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The Daily times-enterprise. (Thomasville, Ga.) 1889-1925, August 20, 1889, Image 3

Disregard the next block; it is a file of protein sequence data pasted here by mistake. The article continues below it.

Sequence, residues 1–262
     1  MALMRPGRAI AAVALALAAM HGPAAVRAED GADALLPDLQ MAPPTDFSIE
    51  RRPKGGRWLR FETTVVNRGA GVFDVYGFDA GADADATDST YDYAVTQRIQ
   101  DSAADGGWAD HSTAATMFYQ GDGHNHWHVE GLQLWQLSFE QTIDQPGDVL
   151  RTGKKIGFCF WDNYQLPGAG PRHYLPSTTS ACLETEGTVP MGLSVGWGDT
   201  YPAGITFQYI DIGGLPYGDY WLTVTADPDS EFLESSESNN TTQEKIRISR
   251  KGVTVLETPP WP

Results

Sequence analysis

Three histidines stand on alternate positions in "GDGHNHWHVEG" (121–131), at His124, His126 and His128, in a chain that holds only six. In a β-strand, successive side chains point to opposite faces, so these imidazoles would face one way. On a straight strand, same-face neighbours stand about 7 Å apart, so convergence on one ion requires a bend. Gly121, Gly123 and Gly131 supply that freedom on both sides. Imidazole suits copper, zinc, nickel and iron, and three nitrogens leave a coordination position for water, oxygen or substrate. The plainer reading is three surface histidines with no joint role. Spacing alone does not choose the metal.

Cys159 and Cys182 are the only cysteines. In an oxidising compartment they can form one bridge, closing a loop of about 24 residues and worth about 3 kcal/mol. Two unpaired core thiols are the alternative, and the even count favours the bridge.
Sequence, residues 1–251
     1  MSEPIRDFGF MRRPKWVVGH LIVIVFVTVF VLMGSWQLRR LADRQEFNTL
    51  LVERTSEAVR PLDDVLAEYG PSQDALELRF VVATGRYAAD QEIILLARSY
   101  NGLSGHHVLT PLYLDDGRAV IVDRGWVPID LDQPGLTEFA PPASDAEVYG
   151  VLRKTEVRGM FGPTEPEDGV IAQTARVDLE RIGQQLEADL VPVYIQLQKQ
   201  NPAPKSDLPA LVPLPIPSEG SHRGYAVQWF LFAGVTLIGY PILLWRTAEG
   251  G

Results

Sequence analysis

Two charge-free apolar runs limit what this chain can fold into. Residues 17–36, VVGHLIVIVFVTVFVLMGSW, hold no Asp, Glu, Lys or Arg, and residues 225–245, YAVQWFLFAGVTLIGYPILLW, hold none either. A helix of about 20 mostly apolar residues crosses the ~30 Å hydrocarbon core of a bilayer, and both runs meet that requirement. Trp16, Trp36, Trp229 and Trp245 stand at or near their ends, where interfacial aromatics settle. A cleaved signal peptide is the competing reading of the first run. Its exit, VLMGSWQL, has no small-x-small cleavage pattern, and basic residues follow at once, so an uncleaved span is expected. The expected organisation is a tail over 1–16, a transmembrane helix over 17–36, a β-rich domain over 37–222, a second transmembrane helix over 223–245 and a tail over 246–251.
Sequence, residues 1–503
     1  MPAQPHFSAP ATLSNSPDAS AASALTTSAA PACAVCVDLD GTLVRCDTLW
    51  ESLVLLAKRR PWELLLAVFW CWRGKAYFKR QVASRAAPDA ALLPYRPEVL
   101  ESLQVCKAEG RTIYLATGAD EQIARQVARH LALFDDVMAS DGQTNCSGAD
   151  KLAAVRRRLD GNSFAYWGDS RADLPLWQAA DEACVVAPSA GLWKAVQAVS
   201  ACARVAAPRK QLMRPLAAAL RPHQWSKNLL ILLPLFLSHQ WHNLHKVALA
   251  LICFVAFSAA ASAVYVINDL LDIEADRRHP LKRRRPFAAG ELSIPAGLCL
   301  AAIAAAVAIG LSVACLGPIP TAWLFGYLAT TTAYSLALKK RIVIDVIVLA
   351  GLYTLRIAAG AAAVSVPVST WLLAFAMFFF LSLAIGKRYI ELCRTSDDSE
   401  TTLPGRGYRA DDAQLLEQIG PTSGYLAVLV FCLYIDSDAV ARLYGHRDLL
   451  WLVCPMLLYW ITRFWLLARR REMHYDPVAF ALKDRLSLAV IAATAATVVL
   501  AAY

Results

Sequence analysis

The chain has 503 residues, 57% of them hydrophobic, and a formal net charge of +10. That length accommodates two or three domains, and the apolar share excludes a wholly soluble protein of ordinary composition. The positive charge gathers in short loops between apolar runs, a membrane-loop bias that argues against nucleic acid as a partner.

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PROFITS 1 ObjKt Now! Roonf IS WHAT WE WANT ——AND Boom WE MUST HAVE! Our buyer, Mr. C. Wolff, is now in New York, where lie will spend about 6 weeks looking up the new est and most desirable goods on the market for oar fall and win ter trade. No Fains, Time or Money will be spared to ob tain the very latest importations in Dress Goods Novelties. This department, as every one knows, is our “hobby,” and we confidently promise to show the ladies of Thomasville the most elegant fabrics ever placed on sale in this city. No department of our busi ness shall he neglected, but each one filled with everything that is JSTew! Nobby! Stylish! So wo advise ylni to wait and sec our stock before making any purchase whatever of fail and win er goods. The ex treme novelties arc just com ing into the Eastern markets, stud oni* buyer will got fhcni. You arc invite l to -come and buy what you want iu Summer Materials almost At Your Own Price. As we are determined not to pack up any summer stock at all, provided LOW PRICES will move wlmt we have left. You will positively save money buying ol us atl the dry goods you need during the remainder of “the heated term.” Favor us with a call. Very respectfully, H. Wolfl & Bro., Leaders of Styles and Low Prices. 100 & 111 BROAD ST THE DAILY TIMES-ENTERPRISE. ALBERT WINTER, City Editor. Tl'KSDAV, AUGUST 20, 1889 ^SIGNAL SERVICE BUREAU AT K. Thomas Jr's' 126 Broad Street O. S. Bondurant Vounteor ObtOBVer Weather Hulletin for the 21 hours ending at 7 o’clock I*. M August 10, 1880. Temperature. 7 a. ni 07 2 p. in 87 7 p. in 70 Maximum for 24 hours 87 Minimum “ “ “ 02 Rain-fall t Local Schedule. Kant mail for Savannah Ar... 0 25 a m •• “ 44 “ I/f...12 40 p m ‘ 44 from 44 Ar... 1 31 p in 44 44 for Chattahoochee Lv... 200 pm Train for Albany Lv... 0 30am 44 from 44 Ar... 520pm 44 44 44 for Savannah Lv... t»50pm Freight anti ar.com. from Wayc..Ar... 3 45 pin " 44 44 for 44 Lv.V. 8 40am 44 44 44 44 Chatt. Lv... 4 45 pm 44 *• 4 * from Chatt. Ar... 7 15am 44 44 44 f for Albany Lv... 4 25 pm 44 44 •* from 44 Ar... 7 55 am THOMASVILLE AND MONTICELLO. Freight accent, for Montieello Lv.. .8 45 a m 44 44 from 44 ....Ar.. .0 20 p in Fast mail for 44 ....Lv.. .2 00 j> in 44 44 from 44 ....Ar..l210 p m The pear shipments are about over. Col. A. P. Wright is still in New York. The poles for the electric wires arc going up on Broad street, Mr. Henry Arnold and wife left for Brunswick yesterday. Boston is moving fora park. Well, Thomasvilie will have one too. Bales of new cotton are not an un common sight on our streets. No private parties could purchase Paradise Park for SdOO per aero. Mrs. C. M. Robinson, who has been visitiug in Atlanta, is now at Indian Springs. The electric pole raisings on Broad street, yesterday, attracted general attention. Mr. W. F. Joyce, n popular com nicrcial tourist, is at the Stuart. He hails from Baltimore. Squire Alderman reports crops in his section as being in good condition. This is a general complaint. Mr. II. Wise is iu New York, Iny- ing iu his stock of fall and winter goods. Air. Hugh McIntyre, who has been spending some time, at Murphy, is now enjoying the rare scenery about Asheville. Keep your eye on C. II. Young it Co.’s ad. These young men are car rying a superb line of clothing and gents’ furnishing goods. Miss Fannie Blackshear is gladden ing her Thumasville friends by a visit to the. Metropolis. She always brings a ray of sunshine with her. The familiar form and face ol Mr. Carl Mollcr is again seen in Dr. Ste gall's cotton office, corner Broad nnd Madison streets. Miss Lula Dugger and Mrs. ' Agnes Yates, of Brooks county, are in the city. They arc the guests of Mr. N. J. Brown, on Warren street. Mr. II. II. Sanford is in New York, lie will prolmhly call on Jay Gould nnd Vanderbilt. Well, Henry is as good a lnnn as either of them ; nay, lie is a better man than Gould. Mr. Ben McLendon, editor of the Montieello Tiihutie, has been at his fathers for a few days, recuperating from a recent attack of illness. We arc pleased to learn that he lias recov ered and returned to his post. We see Iroin the papers that Dr. Patrick, of Rome, well known as a winter resident iu Thomasville, has subjected himself to a test of the effi cacy of the new elixir. The Doctor knows, now, how it is himself. West & Fearn will soon commence the erection of their two story iron warehouse, alongside the tailroad track, between Fletcher and Lee streets. Dirt is being dumped oil there now for the needed side track. Professor Glenn, local editor of the Cairo Record, is making that inter esting little paper fairly sparkle. The Record is always a welcome visitor to this office. ^ Mr. J. C. Cronin, Division .Super intendent of the Southern Express Company, is in town, lie is accom panied by Mrs. Cronin and daughter, Miss Hannah. The ladies will remain here some time. They arc guests of the Stuart. One Hundred Thomas County Farmers. We reproduce to-day, with a com parative statement of the wealth of an additional fifty farmers in this county, the article by S. G. M. which appear ed on Sunday morning. There were a tew errors iu the first article, which have been corrected. The article will he of interest to the farmers of this county, showing, ns it does, what progress one hundred farmers, taken at rnudora, have made within the past ten'years. It should lie borne in mind, that ten years ago, the farmers of Thomas county, these one hundred farmers included, were involved more or less. Now it is conceded, by every one, that the farmers of this county arc in a far better condition, financial ly, than they were ten years ago. So, that in addition to their increase of property should be added 'the tlioi^i- ands and thousands of dollars of in debtedness which they have paid off since 1879. It is a fact that the far mers of Thomas county have, this jxar, come nearer running their farms on a casli basis, than ever before. One. tiling is clearly demonstrated, demonstrated beyond cavil or dispute: the farmers of Thomas county, at least, arc not growing poorer. On. the contrary, they arc gradually, hut surely, improving their condition ev ery year. Give the Girls a Chance- There’s no use of talking; the girls are coming to the front. Stand hack and give them a chance. The latest evidence of this is the appearance of a neat and readable paper, "Southern Girls,” published.at Sivaineboro, Ga., and edited by Miss Annie L:e Wilkins. Miss Wilkins will, we trust, receive that encouragement and support to which she is so justly entitled. May the young lady always have plenty of pie at home, but no “pi” in the office; may she never be locked up herself (in places where some editors are) but always have her "forms” safely and securely "locked up;” mty her “impressions” always he good; may she be able to “make up” with her best beau —if they should fall out; may she always he "justified;” may her “rules” lie straight; may (he ex change fiend never invade her sane turn, and may her subscribers all pay up in advance. See nolicc elsewhere of the “South ern Girls,” ns to terms, Ac. Another Proposed Railroad to Thomas- villo. The attention of the citizens, of both town nnd country, is called lo the letter of Mr. (J. E. Smith. That our people lire, at last, forced, to the wall, and compelled t'o do something —or get left,—is now apprrent to even the dullest.. Read the letter. The citizens of Warren street have petitioned council for both electric lights and water. These should he cxlcudcd as last as jiossiblc, especially into neighborhoods where parties will take water. When we say “take water,” no re flection is intended on the citizens of Warren street. Important Election. ■Sec notice of election to determine the question of issuing park bonds. It. comes off on Friday, the •_’0th day of September. Thomasville cannot afford to lose this opportunity of securing so valuable a property. Large congregations attended the Baptist'church on Sunday to hear the Rev. J. E. Powell. And they were rewarded, at both tlm morning and evening service, by henring two able sermons. Mr. II. S. Cummings, of Baltimore, one of the lightest hearted, happy go ns you-please knights of the grip on the road, has been at the Stuart for a day or two. The blues ily out at the window when lie enters the door. Messrs. Hicks & Peacock are open ing up some elegant novelties. They are new, dainty, nobby, attractive and cheap. Miss Barbaroux left for New Or leans yesterday, with the three • little orphans, mentioned u day or two since, where she will place them iu an orphans home in that city. The job of painting on the front of the Messrs. Steycrmau’s store, lias added -much to the appearance of that structure. It has quite a city- lied look now. Thomasville merchants arc prepared to pay tho highest market price for cotton. WHAT WILL THOMASVILLE DO? Tho Augusta and West Florida Rail- . road. Wasiiinot^n, Ga., Aug. 1G, ’89. Editor Times-E.vterpf.ise : The charter of the Augusta and West Florida railway has just passed the Senate, and it is now in the hands of the Governor for approval. The corporators will meet soon for the purpose of efleeting a temporary or ganization, and a surveying corps will take the field as soon as it can ho or ganized. We want to get tilings iu shape at once for nit active prosecu tion of the work, and hope to enlist the hearty sympathy and support of every county along the line. No section, however, lmsso deep an interest in the building of this road as the people of Tliomasvillc. Your railroad system will never he complete without a connection with Augusta, nnd your intelligent people need no arguments in support of this assertion. A road to Curilelc would give you sonic slight advantages not now pos sessed, hut tlie same subscriptions that would carry von to Uordele, will in sure the Augusta connection, and give you tho advantages of ten or twelve roads, instead of two or three. And the Augusta and West Florida will connect you with the same roads that you seek to reach at Cordelc. Your connection with The Georgia South ern and Florida, would he at or near Tifton, and witli the Savannah, Atner ictis and Montgomery in the neighbor hood of Abbeville. If you had tho Cordelc road finished and in operation to-day, your railroad system would lie almost as incomplete as it is now. You would still need a direct line to Augusta, because, without it, von can never enjoy that prosperity which your great advantages should com mand. Money is abundant, and ma terials which enter into the construc tion of railroads were never so cheap as at tho present time. The abundant crops now growing will insure an era of prosperity, and those things taken together make this a remarkably fa vorable time for the commencement and prosecution of new railroad enter prises. All that is needed to insure success in the building of the A'ugusta and West Florida, is a hearty concert of action amongst tho people along the line-in active assistance and in sub stantial subscriptions. And on this subject let me say that the projectors of this road assume nil the risks. Whatever subscriptions your comity may make to the preferred stock will lie for a completed road from Augus ta to Thomasville, and no subscriber, therefore, risks the loss of n dollar. Augusta nnd Thomasville are both represented in the hoard of corpora tors by some of their best business men and largest capitalists, and it i- earnestly hoped that the Thomasville members will lie heartily supported by the people of the city and county. Mr. McIntyre’s Bill. lion. A. T. McIntyre, Jr., has in troduced an, important bill. It will probably take the place of the famous Olive hill. The bill reads as follows: Section i. Be it enacted by the general assembly of Georgia, and it is hereby enacted by authority of the same, that no corporation shall buy shares cr stock in any other corpora tion in this state or elsewhere, or to make any such corporation which may have the effect to defeat or lessen competition in their respective busi nesses, or to encourage monopoly; and all such contracts and agreements shall be illegal and void. ’ Sec. 2 Be it further enacted, that upon complaint made to the railroad commission of this state, by any per son, that any railroad company or cor poration has violated the provisions ol the first section of this act, the said railroad commission shall inquire into 'the same, and may, by the advice of the attorney-general, bring suit in the name of the state, to set aside, cancel and declare void any and.all contracts made, or acts done in violation of said first section. See. 3. Be it further enacted, that upon complaint made to the attorney- general that any corporation, other than a railroad corporation, chartered by the legislature of this state, or any foreign corporation, doing business in this state, has or holds any stock in any other corporation, or lias made any other contract in violation of the first section of this act, he may, the consent of the governor being first obtained, bring suit to set aside and cancel and declare void all or any such contracts. Sec. 4. Be it lurther enacted, that upon complaint made to any solicitor- general of any circuit in this state, that any company or corporation chartered by the superior court of any county in the circuit of which he is solicitor- general, has purchased or holds stock in any other company or corporation, or has done any act, or made any contract in violation of the provision ot the first section of this act, the solicitor general may, after submitting the case as presented to him . to the attorny general of the state, and hav ing obtained his consent thereto, pro ceed to bring suit in the county in which said corporation was chartered, to set aside anil declare said contract, purchase or holding contrary to law and void, and have the same set aside and canceled. Sec. 5.* Be it further enacted, that all suits filed under sections second and third of this act, shall be brought in the county of Fulton. Sec. 6. Be it further enacted, that in the event the attorney general is disqualified, it shall be the duty of the governor to appoint some discreet and competent attorney tfl act in his stead; and that in the event that any solicitor general is disqualified, the judge of the. superior court of his circuit shall ap point a solicitor general pro tent to act in his stead. Sec. 7. Be it further enacted, that the judge trying any cause under this act, shall have power to enforce any judgment rendered by him by injunc tion and any other remedy known to the laws of this stale, and to punish as lor contempt any and all persons vio lating an order, judgment or decree rendered in said cause. Sec. S. tie it further enacted, that" all laws and parts of laws in conflict with this act be, and are hereby repeal ed, are daily receiving Fall Winter CLOTHING! and our line of Medium WEIGHTS MUST 60! Call and get OUR Prices before buy- A determined and united effort will secure the building of the Augusta and West Florida railway, and I ask the serious consideration of your peo ple for this important enterprise. C. E. Smith. GAZE <l.\ THIS. I liuvc tins agcyicy for the Wst laundry in tin' ;it the lowest pric 4 ’*. Col furs 2 • cnM eiieli, cuff* 2 ccuD\ shirt* 8 cents. All work •fuarautvcl. SAM M. WnlJT, sun,lu f, s l«i!» I»roa*l St. To the Merchants. Since the Boston World Began its publication at Boston, Ga., and the merchants set in to advertising so liberally, the trade of the town has grown wonderfully. The business men of the place have pul it on a per fect boom right under the nose of Thomasville and Quitman. The Clarion congratulates our wideawake friends, and the press has in the plucky town an illustration of the way in which big advertising brings big business. Cairo and Boston are doing bigger business to their size than any town in South Georgia, and they both support their local paper more liberally than any towns we know. They arc villages no longer.—Camilla Clarion. There is a lesson in this for the merchants ot Thomasville—if they will learn it. Willjvou take the trcuble, gentlemen, to look over the Weekly T-E. on Saturday, and see how In any Thomasville merchants are asking for country trade * You will be surprised, perhaps, at your own indifference. Wc do not like lo complain about lack o! patronage; you would say that wc wanted only to make money out ol you; but wc will tell you, frankly, that you art doing yourselves- antl the town—great injustice, in not using the columns of your weekly paper. It reaches almost every farm- j er in the county. j Why is It People will continue to liny groceries on dO days’ time, and thereby pay Id percent, more for them than they can buy them for for the spot cash. Don’t you know you are paying Id per cent, on some account the merchant can’t collect' Ho has to charge those who do pay, enough to make good his losses in had accounts. It is perfectly legitimate and business-like, too! He has to live. But while it is perfectly right in him to charge you that way, it is very foolish in you to pay it, because you cau make that per cent, yourself by buying vour goods for cash. I will take your order at regu lar prices, and then discount it lo per cent, for the cash. Respectfully, M. I*. Pickett. Gin House Insurance, —with— IBan.scll «& Merrill, Thomasville, Ga. tl&wto out l*Ic .Southern Female l . (COX) College. IV^ins Its ifith So*- k eion Reptcmber lit!*. Twenty on> Officer* j} high FtontUrtL. i.t Leary. evading o-otn. ^ w ^ and tootle. Book-keeping)" tclcjruatihy, typ.'-wrffnjr draw-making. Elocution and ait tine. In MumIc Teacher**. Slices Cox continue Din . too ladle*’ orchestra. Healthful and home like. Si*n«! for illustrated catalogue giving full particular*. AUdrvM i Mrs. /, F. COX. President. LaGRANDS. GA Pupils last Term from CANADA to TEXAS. ing at wioDirs Cost Prices, and we will SAVE YOU MONET Clothiers and Furnishers, 100 Broad St., Thomasville, Cta